Feds raided UAW leader’s house amid corruption probe
Detroit — Federal prosecutors revealed Thursday that investigators raided the home of United Auto Workers Vice President Norwood Jewell while investigating a widespread conspiracy involving Fiat Chrysler and the union.
The raid happened Nov. 3 at a home on the 2200 block of Macscott Court in Swartz Creek, according to a sealed federal court filing. It is unclear exactly what was seized during the search but is another indication linking Jewell to the ongoing corruption investigation that has netted charges against seven people.
Jewell, 60, the former head of the union’s Fiat Chrysler department, has not been charged with a crime but his name has repeatedly surfaced during an investigation focused on a conspiracy involving Fiat Chrysler executives funneling illegal payments and benefits to UAW leaders. The money is funneled through the UAW-Chrysler National Training Center under a policy created by the auto company’s officials to keep UAW leaders “fat, dumb and happy” and wring concessions favoring the automaker, according to the government.
In August 2014, Fiat Chrysler executive Alphons Iacobelli approved spending more than $30,000 in worker training funds on a party for Jewell, a bash that included “ultra-premium” liquor and strolling models who lit labor leaders’ cigars. The expenses were paid for by the national training center with Fiat Chrysler funds, which covered the $7,000 cigar purchase and a $3,000 tab for wine bottles with custom labels that featured Jewell’s name, sources told The News.
The News first reported that Jewell also received a $2,180 shotgun in 2015 paid for with money that was supposed to benefit blue-collar UAW workers. Jewell, whose compensation totaled $224,173 last year, reimbursed the training center in 2016 after learning the shotgun was purchased with a training center credit card.
Jewell’s criminal defense lawyer, Joseph Duffy, did not respond to a message seeking comment Thursday.
The Nov. 3 raid at Jewell’s home came four weeks before the UAW, in a surprise move, announced that Jewell would retire Jan. 1, roughly six months before his current term was scheduled to end.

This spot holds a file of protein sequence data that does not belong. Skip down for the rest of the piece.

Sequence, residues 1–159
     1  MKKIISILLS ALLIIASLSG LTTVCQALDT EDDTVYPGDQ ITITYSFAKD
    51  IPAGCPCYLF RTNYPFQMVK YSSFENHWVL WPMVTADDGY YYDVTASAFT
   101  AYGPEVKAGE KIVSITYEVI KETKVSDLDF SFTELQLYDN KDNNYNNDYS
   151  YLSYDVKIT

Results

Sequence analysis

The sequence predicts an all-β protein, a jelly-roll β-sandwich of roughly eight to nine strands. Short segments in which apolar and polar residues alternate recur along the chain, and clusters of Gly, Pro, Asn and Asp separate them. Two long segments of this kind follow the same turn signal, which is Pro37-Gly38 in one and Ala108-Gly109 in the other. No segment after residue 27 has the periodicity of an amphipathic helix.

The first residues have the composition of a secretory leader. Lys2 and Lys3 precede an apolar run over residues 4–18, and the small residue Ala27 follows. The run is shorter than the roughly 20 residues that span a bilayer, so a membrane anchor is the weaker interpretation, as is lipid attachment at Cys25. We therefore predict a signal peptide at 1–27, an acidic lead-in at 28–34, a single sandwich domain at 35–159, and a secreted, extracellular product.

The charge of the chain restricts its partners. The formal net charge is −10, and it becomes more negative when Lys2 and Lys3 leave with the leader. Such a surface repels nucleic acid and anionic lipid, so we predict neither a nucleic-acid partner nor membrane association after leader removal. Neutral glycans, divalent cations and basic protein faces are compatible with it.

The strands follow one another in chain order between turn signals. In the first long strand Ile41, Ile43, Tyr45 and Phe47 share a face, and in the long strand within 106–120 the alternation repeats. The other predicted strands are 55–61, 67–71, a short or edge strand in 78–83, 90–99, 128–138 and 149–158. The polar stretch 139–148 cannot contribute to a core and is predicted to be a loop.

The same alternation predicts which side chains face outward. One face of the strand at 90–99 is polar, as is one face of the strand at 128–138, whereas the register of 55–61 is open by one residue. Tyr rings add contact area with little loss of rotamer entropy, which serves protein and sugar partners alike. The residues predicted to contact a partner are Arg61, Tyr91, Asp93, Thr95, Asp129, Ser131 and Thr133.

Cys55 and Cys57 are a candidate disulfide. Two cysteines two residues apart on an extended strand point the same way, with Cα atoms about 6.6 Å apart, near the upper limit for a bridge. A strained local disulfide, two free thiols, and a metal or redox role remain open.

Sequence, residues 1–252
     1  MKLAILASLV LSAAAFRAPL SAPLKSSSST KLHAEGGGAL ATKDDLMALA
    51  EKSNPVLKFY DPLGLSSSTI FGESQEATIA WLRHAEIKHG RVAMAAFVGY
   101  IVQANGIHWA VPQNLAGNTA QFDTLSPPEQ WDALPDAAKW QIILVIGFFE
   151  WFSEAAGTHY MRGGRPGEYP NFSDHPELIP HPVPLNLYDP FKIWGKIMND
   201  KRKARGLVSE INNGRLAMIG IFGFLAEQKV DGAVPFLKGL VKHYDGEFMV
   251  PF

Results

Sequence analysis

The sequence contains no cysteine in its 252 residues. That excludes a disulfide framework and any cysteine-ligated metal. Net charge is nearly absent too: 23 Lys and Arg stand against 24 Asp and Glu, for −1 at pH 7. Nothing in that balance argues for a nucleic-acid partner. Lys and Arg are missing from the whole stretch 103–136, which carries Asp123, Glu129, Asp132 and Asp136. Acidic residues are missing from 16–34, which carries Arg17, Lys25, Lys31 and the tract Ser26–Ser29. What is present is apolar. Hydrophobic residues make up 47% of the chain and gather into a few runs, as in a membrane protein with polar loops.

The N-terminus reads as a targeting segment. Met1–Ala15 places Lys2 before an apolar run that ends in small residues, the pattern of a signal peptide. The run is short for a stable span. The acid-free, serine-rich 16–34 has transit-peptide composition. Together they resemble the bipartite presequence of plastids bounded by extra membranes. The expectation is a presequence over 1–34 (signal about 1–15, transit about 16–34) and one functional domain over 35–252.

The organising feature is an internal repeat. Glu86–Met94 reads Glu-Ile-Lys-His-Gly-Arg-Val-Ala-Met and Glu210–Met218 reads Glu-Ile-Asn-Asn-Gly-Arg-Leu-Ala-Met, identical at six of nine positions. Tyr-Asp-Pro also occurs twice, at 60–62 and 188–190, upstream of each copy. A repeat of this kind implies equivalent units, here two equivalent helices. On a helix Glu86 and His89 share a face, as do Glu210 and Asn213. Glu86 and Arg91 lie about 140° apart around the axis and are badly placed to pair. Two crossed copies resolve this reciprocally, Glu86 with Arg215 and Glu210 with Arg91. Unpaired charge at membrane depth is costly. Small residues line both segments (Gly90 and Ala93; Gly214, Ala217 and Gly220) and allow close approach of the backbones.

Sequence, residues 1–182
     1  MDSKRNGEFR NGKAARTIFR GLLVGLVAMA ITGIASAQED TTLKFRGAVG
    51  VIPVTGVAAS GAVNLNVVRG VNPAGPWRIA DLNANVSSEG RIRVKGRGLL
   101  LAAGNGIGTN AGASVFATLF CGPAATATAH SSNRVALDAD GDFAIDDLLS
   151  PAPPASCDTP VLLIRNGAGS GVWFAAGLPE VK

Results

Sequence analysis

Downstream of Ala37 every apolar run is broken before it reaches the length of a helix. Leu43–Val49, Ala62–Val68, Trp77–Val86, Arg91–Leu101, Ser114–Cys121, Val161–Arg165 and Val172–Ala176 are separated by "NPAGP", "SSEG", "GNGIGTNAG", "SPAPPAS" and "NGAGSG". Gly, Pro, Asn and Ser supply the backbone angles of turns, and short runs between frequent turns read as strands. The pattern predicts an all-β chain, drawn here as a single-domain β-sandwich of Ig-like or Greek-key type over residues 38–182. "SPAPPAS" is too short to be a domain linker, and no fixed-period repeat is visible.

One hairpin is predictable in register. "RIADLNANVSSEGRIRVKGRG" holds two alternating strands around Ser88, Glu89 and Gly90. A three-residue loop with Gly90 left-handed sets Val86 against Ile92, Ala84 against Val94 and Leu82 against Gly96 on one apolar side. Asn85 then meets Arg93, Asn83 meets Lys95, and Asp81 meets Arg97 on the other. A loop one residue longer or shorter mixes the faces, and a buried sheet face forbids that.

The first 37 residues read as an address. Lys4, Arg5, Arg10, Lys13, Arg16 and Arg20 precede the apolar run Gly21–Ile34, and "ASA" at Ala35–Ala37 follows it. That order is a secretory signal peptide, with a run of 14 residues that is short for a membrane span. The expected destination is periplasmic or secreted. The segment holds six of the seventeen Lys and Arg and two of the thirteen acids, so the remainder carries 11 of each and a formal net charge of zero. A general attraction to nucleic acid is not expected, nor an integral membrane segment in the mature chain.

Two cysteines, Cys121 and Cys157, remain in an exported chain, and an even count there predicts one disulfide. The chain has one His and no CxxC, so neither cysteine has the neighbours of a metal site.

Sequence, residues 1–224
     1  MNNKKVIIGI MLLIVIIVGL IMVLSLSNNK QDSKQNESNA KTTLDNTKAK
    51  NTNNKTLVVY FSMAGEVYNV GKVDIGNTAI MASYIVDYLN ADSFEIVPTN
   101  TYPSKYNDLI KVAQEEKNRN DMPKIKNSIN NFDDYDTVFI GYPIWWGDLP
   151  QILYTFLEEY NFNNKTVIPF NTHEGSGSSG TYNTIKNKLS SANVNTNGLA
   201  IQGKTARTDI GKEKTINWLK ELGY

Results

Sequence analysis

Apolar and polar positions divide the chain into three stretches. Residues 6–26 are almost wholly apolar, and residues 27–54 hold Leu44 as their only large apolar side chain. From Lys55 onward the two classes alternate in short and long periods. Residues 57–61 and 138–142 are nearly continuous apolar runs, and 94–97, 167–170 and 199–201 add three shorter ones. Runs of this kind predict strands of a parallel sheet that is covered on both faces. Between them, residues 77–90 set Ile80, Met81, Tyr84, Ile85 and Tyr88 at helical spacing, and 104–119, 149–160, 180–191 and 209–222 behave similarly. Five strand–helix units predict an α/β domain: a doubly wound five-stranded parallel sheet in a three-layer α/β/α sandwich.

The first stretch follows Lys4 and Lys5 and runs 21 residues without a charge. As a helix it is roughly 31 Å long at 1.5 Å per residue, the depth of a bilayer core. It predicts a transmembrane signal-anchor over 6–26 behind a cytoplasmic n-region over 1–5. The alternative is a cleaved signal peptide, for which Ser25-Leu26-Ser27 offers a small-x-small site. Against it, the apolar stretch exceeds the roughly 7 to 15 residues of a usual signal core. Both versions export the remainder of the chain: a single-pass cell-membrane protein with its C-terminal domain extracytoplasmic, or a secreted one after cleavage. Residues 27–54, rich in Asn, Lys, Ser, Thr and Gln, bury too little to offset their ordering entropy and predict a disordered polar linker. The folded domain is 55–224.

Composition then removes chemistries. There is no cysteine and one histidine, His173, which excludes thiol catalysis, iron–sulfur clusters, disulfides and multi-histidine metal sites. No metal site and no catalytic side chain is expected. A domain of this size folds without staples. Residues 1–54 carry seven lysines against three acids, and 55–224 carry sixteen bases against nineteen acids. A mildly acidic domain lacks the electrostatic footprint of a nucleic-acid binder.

Prosecutors revealed the raid in a separate federal court filing Thursday that outlined protections against disclosing tax records and other materials seized during a series of searches. The filing reiterated that federal agents also searched the homes of Iacobelli and Monica Morgan-Holiefield, widow of former UAW Vice President General Holiefield.
Iacobelli and Morgan-Holiefield have pleaded guilty to crimes related to the conspiracy and are awaiting sentencing in federal court.
Materials seized during the searches include documents containing social security numbers, tax identification numbers, dates of birth, financial accounts, home addresses and other personal identification information, according to the filing.
The search at Jewell’s home was revealed in a document filed in the case against his former top administrative assistant, Nancy Adams Johnson.
Johnson, 57, of Macomb Township was indicted last month and accused of conspiring with other union and Fiat Chrysler officials to corrupt the labor negotiation process. She received tens of thousands of dollars in illegal payments and benefits from Fiat Chrysler during the alleged conspiracy, including $1,100 designer shoes, first-class flights to California, resort stays, limousine rides and a $6,912 dinner at famed Detroit restaurant London Chop House, according to federal prosecutors.